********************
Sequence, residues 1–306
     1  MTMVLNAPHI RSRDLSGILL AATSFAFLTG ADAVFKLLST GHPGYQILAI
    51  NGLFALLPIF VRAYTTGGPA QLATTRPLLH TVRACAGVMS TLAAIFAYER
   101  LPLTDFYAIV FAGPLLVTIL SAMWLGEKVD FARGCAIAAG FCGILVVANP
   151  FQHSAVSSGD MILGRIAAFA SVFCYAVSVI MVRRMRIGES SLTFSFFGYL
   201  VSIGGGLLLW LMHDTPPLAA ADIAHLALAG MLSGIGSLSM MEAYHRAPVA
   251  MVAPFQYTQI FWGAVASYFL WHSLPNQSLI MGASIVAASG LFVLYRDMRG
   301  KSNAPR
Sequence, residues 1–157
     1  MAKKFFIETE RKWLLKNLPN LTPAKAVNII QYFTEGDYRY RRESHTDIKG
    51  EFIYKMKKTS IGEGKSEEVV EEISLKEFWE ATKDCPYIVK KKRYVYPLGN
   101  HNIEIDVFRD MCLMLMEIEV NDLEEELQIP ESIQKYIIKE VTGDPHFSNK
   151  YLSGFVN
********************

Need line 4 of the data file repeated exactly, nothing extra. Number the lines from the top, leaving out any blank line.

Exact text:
   101  LPLTDFYAIV FAGPLLVTIL SAMWLGEKVD FARGCAIAAG FCGILVVANP